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Author Topic: How to make my BPD adult child move out of my home.  (Read 116 times)
Stoptheinsanity!
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What is your sexual orientation: Straight
Who in your life has "personality" issues: Child
Relationship status: Mother
Posts: 2


« on: September 16, 2020, 04:57:49 PM »

My son is 31, and recently moved in with us. His behavior mirrors that of someone with BPD and narcissistic disorder. I don't want to diagnos him, as I am not a medical professional. He's making our lives a living hell. He doesn't have a job, and has no intentions of moving out during Covid. We only recently heard about BPD, and for the first time in years I am not blaming myself for his behavior. I love my son, but I'm a hostage in my own home, and I don't know what to do. The only requirement when he moved in was to get counseling. He's been here over two months, and the rage and outbursts are getting worse, and he has no intention of getting counseling. I've read "Stop Walking on Eggshells," and that has brought much clarity. Any advice is greatly appreciated.
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Our objective is to better understand the struggles our child faces and to learn the skills to improve our relationship and provide a supportive environment and also improve on our own emotional responses, attitudes and effectiveness as a family leaders
zebra18
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What is your sexual orientation: Straight
Who in your life has "personality" issues: Child
Posts: 2


« Reply #1 on: September 17, 2020, 05:23:30 AM »

I wishI had some good advice for you.Trying to be affirming and calm with your son is helpful. However, I have a 28 year old BPD son and it is so incredibly hard to do. Being positive with him never seems to have any long lasting effect or rather, it is very slow progress. I don't believe people with BPD mean to cause trouble, but they never seem to consider anyone else's needs or concerns. In the case of children, they simply don't recognize how exhausting they are. I deeply resent being held hostage and certainly understand why you do so as well. The book you mentioned is a good one. Another very good book you might try is "Loving Someone with Borderline Personality Disorder" by Shari Y. Manning, Ph.D.  Trying to get a break from the tension in your house is very important too. Best wishes.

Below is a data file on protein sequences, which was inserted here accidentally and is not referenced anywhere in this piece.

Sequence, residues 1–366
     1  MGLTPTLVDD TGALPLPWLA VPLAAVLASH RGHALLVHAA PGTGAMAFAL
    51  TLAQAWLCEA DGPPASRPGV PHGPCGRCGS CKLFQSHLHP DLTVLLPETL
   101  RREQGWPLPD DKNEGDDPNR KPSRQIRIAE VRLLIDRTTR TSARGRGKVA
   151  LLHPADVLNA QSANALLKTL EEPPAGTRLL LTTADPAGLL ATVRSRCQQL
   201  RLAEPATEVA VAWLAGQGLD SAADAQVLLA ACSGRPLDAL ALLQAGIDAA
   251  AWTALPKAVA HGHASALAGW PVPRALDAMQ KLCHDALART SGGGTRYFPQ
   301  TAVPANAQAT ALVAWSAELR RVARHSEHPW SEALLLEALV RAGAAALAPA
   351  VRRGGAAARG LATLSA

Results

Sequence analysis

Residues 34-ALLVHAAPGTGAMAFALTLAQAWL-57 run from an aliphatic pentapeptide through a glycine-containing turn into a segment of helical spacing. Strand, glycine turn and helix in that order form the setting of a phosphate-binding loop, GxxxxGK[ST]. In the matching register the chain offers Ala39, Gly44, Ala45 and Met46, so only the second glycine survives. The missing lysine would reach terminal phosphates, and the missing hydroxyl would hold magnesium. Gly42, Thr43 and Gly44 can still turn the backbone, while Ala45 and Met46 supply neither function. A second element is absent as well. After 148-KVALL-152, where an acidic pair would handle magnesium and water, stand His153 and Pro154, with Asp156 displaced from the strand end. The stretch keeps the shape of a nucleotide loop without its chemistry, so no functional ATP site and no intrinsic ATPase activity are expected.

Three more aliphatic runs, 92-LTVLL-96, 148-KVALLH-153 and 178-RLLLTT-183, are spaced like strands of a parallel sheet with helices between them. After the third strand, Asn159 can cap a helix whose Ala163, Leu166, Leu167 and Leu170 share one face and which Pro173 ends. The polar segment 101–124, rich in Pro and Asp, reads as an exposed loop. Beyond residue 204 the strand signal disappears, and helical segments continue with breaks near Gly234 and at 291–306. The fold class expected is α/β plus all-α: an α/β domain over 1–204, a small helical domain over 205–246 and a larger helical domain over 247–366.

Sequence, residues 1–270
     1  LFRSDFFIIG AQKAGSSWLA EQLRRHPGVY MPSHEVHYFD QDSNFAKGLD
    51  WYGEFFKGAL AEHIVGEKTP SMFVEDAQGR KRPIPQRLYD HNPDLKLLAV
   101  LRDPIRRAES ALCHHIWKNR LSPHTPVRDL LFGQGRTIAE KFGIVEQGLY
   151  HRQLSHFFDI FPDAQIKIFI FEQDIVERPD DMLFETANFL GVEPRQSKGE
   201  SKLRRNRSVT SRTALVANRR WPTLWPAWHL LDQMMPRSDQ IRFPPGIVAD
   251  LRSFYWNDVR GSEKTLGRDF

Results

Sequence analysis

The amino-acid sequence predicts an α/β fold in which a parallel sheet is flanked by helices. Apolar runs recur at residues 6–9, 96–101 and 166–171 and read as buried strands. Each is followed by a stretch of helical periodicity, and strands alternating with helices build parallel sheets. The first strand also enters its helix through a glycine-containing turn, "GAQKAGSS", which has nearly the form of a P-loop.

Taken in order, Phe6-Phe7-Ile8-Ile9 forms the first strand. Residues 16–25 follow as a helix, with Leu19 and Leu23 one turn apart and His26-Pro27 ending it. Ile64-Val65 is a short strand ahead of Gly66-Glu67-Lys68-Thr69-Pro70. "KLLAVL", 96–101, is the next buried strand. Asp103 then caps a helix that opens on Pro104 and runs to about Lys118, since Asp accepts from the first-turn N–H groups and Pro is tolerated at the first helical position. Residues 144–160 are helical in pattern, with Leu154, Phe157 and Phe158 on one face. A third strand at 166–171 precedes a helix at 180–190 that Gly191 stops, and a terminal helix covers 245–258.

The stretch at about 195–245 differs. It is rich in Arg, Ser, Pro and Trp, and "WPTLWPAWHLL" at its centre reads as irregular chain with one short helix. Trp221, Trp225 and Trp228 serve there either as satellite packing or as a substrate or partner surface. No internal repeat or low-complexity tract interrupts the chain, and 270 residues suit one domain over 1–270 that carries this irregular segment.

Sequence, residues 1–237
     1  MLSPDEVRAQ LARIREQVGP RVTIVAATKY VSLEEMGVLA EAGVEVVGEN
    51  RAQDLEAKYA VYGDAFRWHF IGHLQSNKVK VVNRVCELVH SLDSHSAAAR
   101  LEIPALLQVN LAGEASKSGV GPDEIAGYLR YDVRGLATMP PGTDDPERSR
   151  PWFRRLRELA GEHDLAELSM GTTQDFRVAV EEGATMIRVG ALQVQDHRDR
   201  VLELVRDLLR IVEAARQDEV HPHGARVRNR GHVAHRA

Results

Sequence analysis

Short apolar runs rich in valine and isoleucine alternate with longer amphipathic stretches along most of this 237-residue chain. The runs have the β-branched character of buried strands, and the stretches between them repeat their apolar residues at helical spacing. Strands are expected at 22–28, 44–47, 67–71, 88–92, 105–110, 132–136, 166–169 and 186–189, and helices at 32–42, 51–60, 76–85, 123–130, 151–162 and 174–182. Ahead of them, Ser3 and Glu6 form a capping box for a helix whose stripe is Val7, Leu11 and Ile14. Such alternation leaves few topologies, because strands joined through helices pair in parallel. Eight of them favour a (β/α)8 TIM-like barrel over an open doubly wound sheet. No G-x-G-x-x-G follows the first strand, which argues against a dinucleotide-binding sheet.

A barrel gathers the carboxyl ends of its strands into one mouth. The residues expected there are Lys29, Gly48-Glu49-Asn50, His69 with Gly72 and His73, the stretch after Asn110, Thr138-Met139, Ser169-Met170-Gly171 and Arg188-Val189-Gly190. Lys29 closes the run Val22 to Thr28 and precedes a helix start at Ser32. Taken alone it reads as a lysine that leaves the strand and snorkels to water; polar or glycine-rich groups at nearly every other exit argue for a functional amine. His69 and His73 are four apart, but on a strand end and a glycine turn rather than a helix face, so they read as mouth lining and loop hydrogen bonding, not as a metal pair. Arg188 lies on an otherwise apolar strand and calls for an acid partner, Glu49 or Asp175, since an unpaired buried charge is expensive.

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Stoptheinsanity!
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What is your sexual orientation: Straight
Who in your life has "personality" issues: Child
Relationship status: Mother
Posts: 2


« Reply #2 on: September 17, 2020, 07:57:39 PM »

Thank you for reaching out. It helps to know that we're not alone. It has escalated to the point where it's more harmful than helpful to allow him to live with us. He is horrible to me, but even worse to his father, saying things like "if I saw you dieing in a ditch, I would drive off laughing." He's only been living here for a little over two months, and it's already unbearable. No matter how much I love my son, I choose not to live like this. Hopefully, an attorney can provide us with some options.
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Swimmy55
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Gender: Female
What is your sexual orientation: Straight
Who in your life has "personality" issues: Child
Relationship status: Estranged
Posts: 544



« Reply #3 on: September 17, 2020, 08:18:42 PM »

You are not alone. Click on my name to read my previous posts to get my backstory.  In my experience my son dysregulated to violence and I had to get an emergency psych hold and restraining order at the court.  Otherwise most states (US)have an eviction process that takes 30-60 days.  Getting a lawyers advice is great.  Stay strong .
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